Library programs take a look at Civil War

WHEELING – The Ohio County Public Library has announced upcoming programs.

They include:

noon July 15, “Lunch With books: Moses Fleetwood Walker.”

Stark State College instructor Craig Brown will discuss the life of Walker. Brown is leading an effort to create an official day to honor Walker, the first African American to play major league baseball, many years before Jackie Robinson. Walker was born in Mount Pleasant, Ohio.

He was not only a baseball player, but also a businessman in the Ohio Valley.

Brown and his students believe Walker deserves to be honored with a special day, so that future generations will know what he accomplished.

The group has the support of Rep. Slesnick of Canton.

However, they are asking supporters to like the Moses Fleetwood Walker Day Facebook.

Lunch With Books programs are free and open to the public. Patrons are invited to bring a bag lunch and free beverages are served.

7 p.m. July 15, “People’s University, American History III: The Great War, Part I.” World War I began in Europe in 1914.

The U.S. entered the war in 1917 and the Allied Powers were victorious over the Central Powers by 1918. Hal Gorby instructs.

noon July 22, “Lunch With Books: After the Storm, Burial of the Civil War Dead.”

Civil War expert Kathleen Logothetis Thompson will present “After the Storm: Burial of the Civil War Dead.”

When the fighting stops and armies move on, what happens to the dead left behind?

Local efforts might take care of the problem initially, but the cleanup is a process that will last years as family members search for loved ones and governments seek ways to properly care for the dead.

Kathleen Logothetis Thompson is pursuing her doctorate degree at West Virginia University.

She has been an interpreter at Fredericksburg and Spotsylvania National Military Park, editor for the Emerging Civil War blog, and contributor to books in the Emerging Civil War book series.

Lunch With Books programs are free and open to the public. Patrons are invited to bring a bag lunch and free beverages are served.

7 p.m. July 22, “People’s University, American History III: The Great War, Part II.” World War I began in Europe in 1914.

The U.S. entered the war in 1917 and the Allied Powers were victorious over the Central Powers by 1918. Gorby instructs.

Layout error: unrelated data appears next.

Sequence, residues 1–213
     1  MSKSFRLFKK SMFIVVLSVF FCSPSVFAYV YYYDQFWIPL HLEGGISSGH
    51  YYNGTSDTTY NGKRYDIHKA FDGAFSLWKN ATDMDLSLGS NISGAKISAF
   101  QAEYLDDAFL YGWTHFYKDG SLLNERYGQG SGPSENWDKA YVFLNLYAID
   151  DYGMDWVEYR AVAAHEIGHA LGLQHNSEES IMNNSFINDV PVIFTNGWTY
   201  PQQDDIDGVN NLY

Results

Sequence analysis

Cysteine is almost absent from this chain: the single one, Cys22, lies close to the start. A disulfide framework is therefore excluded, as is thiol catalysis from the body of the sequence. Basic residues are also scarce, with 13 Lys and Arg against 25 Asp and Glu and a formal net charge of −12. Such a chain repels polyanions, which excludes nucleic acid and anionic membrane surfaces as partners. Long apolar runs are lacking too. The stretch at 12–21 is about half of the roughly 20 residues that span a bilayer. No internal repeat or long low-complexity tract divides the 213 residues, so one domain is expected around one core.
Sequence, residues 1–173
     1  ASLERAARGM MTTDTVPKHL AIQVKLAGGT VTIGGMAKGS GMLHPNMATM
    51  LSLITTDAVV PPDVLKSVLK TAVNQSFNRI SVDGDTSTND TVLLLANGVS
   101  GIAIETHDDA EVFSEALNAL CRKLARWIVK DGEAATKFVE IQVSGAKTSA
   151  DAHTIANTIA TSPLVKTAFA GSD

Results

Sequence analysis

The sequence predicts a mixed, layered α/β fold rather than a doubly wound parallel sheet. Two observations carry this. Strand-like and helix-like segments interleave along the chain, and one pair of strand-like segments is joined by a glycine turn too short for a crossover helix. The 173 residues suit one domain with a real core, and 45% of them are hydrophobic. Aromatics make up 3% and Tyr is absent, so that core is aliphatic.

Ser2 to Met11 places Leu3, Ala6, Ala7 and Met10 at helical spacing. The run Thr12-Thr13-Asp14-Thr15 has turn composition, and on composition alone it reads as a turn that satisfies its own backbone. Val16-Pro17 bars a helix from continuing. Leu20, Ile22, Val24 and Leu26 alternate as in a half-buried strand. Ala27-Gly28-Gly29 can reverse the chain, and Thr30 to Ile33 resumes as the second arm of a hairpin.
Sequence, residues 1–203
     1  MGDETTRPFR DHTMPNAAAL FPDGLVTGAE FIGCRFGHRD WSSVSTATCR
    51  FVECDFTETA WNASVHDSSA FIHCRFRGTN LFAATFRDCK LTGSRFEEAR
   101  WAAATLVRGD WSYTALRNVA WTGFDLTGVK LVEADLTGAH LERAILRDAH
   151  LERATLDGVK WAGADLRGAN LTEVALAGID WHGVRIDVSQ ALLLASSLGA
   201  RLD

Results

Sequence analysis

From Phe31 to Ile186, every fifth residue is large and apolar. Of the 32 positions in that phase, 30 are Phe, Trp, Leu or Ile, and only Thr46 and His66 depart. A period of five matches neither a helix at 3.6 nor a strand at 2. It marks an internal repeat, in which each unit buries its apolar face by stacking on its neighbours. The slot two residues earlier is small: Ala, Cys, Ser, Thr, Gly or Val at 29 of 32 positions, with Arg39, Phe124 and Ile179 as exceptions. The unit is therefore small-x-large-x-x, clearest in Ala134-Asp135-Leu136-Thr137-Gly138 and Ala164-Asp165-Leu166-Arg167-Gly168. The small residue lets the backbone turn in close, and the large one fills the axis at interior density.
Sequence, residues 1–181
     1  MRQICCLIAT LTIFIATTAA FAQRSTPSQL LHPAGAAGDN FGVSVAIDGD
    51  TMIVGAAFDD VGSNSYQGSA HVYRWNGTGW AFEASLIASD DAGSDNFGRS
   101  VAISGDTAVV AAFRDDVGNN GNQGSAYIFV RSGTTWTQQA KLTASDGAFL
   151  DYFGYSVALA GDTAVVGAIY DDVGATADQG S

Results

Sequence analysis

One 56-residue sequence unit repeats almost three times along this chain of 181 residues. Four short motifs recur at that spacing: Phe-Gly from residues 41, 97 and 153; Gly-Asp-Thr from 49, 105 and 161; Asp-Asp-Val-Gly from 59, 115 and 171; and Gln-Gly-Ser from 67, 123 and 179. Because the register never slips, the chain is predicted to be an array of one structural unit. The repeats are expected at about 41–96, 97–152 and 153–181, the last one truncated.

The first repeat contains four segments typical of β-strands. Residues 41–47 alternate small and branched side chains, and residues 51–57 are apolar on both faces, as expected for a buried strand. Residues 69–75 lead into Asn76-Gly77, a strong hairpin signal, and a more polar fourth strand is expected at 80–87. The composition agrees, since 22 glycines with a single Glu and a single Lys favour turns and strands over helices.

noon July 29, “Lunch With Books: The B&O Railroad During the Civil War.”

Dan Toomey, “The War Came by Train: The B&O Railroad During the Civil War” author, will explore the concept that the “first front” of the war was neither a political nor a geographical boundary, but the main line of the B&O.

When the Civil War began, railroads in the North were poised to support the Union war effort by moving men and material in volumes and speed never before seen in the history of warfare.

One of the leading railroads in the nation, the Baltimore & Ohio Railroad, was located in the South, but economically tied to the North and West.

Immediately after the firing on Fort Sumter, the Baltimore and Ohio became the first military objective of the war.

Union soldiers arrived at Camden Station on April 19, 1861, following the first land battle of the war that was fought on the streets of Baltimore. The same day Virginia state troops occupied Harpers Ferry where a 1,000-foot bridge carried trains over the Potomac River.

A month later, a Union regiment commanded by a former B&O employee left the western terminus at Wheeling to drive off Confederate forces near Grafton.

Toomey is a graduate of the University of Maryland and the author of several books including “The Civil War in Maryland,” “Marylanders at Gettysburg” and “The Maryland Line Confederate Soldiers’ Home.” He is also co-author of “Baltimore During the Civil War” and “Marylanders in Blue,” all of which were published by Toomey Press.

Toomey has lectured for a number of historical organizations as well as the National Park Service and the Smithsonian Institution.

He is a member of the Surratt Society, and the Maryland Arms Collectors Association, and the Company of Military Historians.

He serves on the Maryland Military Monuments Commission and was project historian for the Maryland Memorial erected at Gettysburg in 1994.

Toomey has won numerous awards for his historical research and exhibits including the Gettysburg National Battlefield Award in 1985 and was the 2001 recipient of the Peterkin Award given by the National Park Service at Fort McHenry for his contributions in the field of research and preservation.

Toomey is currently the Guest Curator at the B&O Railroad Museum for the five year exhibit, “The War Came By Train,” commemorating the 150th anniversary of the Civil War.

Lunch With Books programs are free and open to the public. Patrons are invited to bring a bag lunch and free beverages are served.

7 p.m. July 29, “People’s University, American History III: The Jazz Age, Part I.”

In a nation weary of war, women exercised their newly found freedom and Harlem night clubs thrived, featuring jazz musicians like Louis Armstrong and Duke Ellington.

Joe Laker instructs.

Visit ohiocountylibrary.org, call (304) 232-0244, or visit facebook.com/lunchwithbooks for information.

The library is located at 52 16th St. For information call (304) 232-0244.